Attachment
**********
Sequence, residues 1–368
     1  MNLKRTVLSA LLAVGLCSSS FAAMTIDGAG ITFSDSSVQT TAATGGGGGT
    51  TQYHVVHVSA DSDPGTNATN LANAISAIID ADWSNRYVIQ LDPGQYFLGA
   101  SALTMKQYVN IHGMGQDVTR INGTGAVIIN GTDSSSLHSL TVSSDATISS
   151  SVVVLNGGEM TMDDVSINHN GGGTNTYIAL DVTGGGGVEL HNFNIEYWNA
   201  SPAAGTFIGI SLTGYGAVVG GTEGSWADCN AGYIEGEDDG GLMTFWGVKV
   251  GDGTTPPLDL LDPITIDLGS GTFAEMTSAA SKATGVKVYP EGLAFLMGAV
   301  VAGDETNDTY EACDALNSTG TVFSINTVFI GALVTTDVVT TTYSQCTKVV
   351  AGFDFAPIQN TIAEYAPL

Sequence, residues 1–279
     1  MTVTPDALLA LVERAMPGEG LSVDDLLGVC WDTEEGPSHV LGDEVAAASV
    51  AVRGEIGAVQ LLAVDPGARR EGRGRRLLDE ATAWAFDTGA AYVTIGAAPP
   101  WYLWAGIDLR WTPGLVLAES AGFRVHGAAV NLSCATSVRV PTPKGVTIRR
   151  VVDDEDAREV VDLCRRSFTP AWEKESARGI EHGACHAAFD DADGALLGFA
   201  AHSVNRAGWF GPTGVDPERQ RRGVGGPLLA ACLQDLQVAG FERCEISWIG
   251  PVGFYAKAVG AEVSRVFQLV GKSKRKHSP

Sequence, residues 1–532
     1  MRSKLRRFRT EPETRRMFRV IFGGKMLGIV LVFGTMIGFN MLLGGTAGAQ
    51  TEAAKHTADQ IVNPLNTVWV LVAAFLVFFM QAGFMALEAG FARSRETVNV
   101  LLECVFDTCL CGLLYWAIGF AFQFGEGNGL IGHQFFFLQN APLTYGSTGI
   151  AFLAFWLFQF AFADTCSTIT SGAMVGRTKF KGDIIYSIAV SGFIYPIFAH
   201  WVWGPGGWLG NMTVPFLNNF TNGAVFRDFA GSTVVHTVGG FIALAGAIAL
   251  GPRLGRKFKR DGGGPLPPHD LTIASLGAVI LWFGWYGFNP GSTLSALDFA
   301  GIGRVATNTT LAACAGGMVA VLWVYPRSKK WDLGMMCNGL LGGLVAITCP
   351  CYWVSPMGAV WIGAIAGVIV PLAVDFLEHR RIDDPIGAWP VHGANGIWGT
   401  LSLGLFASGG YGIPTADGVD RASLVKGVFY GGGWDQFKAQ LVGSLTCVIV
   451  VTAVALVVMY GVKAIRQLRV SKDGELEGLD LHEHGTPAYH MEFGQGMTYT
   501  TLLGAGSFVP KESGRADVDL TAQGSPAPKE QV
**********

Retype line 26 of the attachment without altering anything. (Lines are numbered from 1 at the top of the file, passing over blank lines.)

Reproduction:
   401  LSLGLFASGG YGIPTADGVD RASLVKGVFY GGGWDQFKAQ LVGSLTCVIV